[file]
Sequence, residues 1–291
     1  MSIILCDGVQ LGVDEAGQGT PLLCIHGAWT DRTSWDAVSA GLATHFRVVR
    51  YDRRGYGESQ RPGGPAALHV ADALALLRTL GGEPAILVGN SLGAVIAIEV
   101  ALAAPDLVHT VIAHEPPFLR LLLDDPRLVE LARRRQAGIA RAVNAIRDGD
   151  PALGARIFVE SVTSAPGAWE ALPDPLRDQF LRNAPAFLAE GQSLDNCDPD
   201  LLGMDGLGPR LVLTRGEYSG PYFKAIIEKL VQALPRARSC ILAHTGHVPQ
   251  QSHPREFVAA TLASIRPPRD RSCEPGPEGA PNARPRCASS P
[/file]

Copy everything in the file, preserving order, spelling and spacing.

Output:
Sequence, residues 1–291
     1  MSIILCDGVQ LGVDEAGQGT PLLCIHGAWT DRTSWDAVSA GLATHFRVVR
    51  YDRRGYGESQ RPGGPAALHV ADALALLRTL GGEPAILVGN SLGAVIAIEV
   101  ALAAPDLVHT VIAHEPPFLR LLLDDPRLVE LARRRQAGIA RAVNAIRDGD
   151  PALGARIFVE SVTSAPGAWE ALPDPLRDQF LRNAPAFLAE GQSLDNCDPD
   201  LLGMDGLGPR LVLTRGEYSG PYFKAIIEKL VQALPRARSC ILAHTGHVPQ
   251  QSHPREFVAA TLASIRPPRD RSCEPGPEGA PNARPRCASS P